Conflict Alerts # 360, 7 April 2021
In the news
On 6 April, the UNHCR spokesperson said at least 11,000 people had fled Palma, a town in Cabo Delgado province, which had been under ISIS attack from 24 March. The people fled to other districts in the province, namely, Pemba, Nangade, Mueda and Montepuez. He said that close to 80 per cent of those who had been separated were women and children.
On 5 April, the army spokesperson announced that the army had regained control over the town and that several militants had been killed in operation. The secretary of State for Cabo Delgado said, "There was significant loss of human life, infrastructure destroyed. However, people are safe now."
On the same day, Aljazeera reported that since thousands had fled to Pemba, the district's food, water resources, and healthcare facilities had been overburdened. Aljazeera quoted the OCHA, which mentioned that Pemba had witnessed a population swell in February, which posed a problem.
Issues at large
First, the increasing role of non-state actors in Africa. Attacks by non-state actors like ISIS are not restricted to Mozambique. Over the years, factions of the Islamic State, like IS West Africa Province (ISWAP), and other terrorist groups like the Boko Haram in Nigeria, al-Shabaab in Somalia, have established themselves in different countries. Other non-state actors include rebel groups like those operating in the Democratic Republic of the Congo, Central African Republic, and Sudan. Such groups often use violence as a strategy to convey a message to the State or challenge it.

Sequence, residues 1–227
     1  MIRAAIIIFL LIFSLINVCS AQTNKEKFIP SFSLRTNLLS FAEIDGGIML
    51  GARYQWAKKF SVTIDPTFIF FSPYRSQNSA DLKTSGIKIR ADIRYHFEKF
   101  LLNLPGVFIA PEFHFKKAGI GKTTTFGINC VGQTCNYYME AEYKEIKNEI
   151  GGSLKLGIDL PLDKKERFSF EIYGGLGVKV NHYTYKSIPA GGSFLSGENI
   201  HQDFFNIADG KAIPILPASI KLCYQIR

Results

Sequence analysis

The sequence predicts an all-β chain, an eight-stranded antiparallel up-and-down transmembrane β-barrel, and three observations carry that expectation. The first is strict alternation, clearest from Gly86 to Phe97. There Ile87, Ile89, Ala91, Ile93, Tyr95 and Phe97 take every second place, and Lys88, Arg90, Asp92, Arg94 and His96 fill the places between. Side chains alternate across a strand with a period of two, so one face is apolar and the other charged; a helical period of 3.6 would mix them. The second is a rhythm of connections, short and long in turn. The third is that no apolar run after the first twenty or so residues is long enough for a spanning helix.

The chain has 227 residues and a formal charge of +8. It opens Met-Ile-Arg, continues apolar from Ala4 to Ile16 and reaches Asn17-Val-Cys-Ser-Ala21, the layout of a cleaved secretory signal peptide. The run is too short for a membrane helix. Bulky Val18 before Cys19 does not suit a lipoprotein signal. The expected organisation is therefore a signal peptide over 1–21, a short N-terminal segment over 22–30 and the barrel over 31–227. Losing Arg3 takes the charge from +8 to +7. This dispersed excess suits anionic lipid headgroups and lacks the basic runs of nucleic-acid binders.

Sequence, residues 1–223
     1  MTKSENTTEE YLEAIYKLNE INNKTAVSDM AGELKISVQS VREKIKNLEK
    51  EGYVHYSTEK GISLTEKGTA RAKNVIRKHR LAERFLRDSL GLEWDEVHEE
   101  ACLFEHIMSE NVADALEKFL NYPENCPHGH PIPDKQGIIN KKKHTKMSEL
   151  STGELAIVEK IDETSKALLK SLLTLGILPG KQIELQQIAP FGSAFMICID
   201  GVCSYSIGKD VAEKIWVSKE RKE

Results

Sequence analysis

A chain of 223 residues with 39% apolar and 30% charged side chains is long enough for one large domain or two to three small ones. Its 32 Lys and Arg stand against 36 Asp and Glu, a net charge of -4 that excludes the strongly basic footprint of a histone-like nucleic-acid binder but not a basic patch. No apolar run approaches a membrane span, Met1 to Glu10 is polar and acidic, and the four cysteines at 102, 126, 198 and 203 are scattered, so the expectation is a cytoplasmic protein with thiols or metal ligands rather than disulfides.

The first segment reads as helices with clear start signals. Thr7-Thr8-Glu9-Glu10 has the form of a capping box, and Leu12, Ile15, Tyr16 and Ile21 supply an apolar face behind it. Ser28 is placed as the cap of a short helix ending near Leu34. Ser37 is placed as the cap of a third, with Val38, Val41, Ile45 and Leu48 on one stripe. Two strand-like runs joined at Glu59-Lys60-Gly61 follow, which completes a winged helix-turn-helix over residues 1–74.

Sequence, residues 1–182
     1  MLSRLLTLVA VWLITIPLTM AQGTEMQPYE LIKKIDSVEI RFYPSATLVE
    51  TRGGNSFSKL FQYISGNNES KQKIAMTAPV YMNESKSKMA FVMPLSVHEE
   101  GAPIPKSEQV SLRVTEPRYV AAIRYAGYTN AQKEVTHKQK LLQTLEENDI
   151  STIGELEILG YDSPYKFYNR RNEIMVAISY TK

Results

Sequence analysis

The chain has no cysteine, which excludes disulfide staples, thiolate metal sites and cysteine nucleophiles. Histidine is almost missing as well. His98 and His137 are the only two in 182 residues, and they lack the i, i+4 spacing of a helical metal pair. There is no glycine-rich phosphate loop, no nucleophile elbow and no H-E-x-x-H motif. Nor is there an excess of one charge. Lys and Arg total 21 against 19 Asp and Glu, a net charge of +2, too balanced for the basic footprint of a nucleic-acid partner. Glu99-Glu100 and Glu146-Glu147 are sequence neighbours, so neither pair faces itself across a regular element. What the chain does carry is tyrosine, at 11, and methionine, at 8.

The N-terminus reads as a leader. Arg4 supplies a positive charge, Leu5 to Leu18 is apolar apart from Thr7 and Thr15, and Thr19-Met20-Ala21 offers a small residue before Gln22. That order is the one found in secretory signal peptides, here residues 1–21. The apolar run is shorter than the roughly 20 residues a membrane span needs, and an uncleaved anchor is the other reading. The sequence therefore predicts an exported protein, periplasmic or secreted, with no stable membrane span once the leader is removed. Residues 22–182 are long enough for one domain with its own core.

Second, the shrinking space for the State. The attack on Palma, though one of the first large-scale instances of violence, is not the first time militants struck. Previously, Cabo Delgado province has witnessed villagers' massacres, and the State has responded with military operations. However, the state response to violence, not just in Mozambique but across countries in Africa, has resorted chiefly to deploying security forces and has not effectively been preventive; it has mainly been retaliatory.
Third, Palma as a reflection of the problems in Africa. The instability in Palma and Cabo Delgado at large has its roots in the lack of access to the people's socio-economic needs, thereby fuelling resentment against the government. This is a common problem in African countries though the reasons behind the same may differ. For example, in some countries, certain groups feel excluded when a person from another ethnicity is in power or vice versa. In other countries, the sentiment could be a result of belonging to the geographic or political periphery.
First, in Mozambique, it is a relief that the army has regained control over Palma. However, it took ten days or more reflects the militants' preparedness for such operations and projects the government's and security forces' lack of the same. Further, the humanitarian situation in Pemba will worsen unless there is immediate attention to the needs of the people.
Second, in Africa, the space for the State to operate seems to be shrinking. Every day, new and increased security concerns bring little to no respite to the people. Instead, the insecurity among populations who are frequently targeted has been on the rise.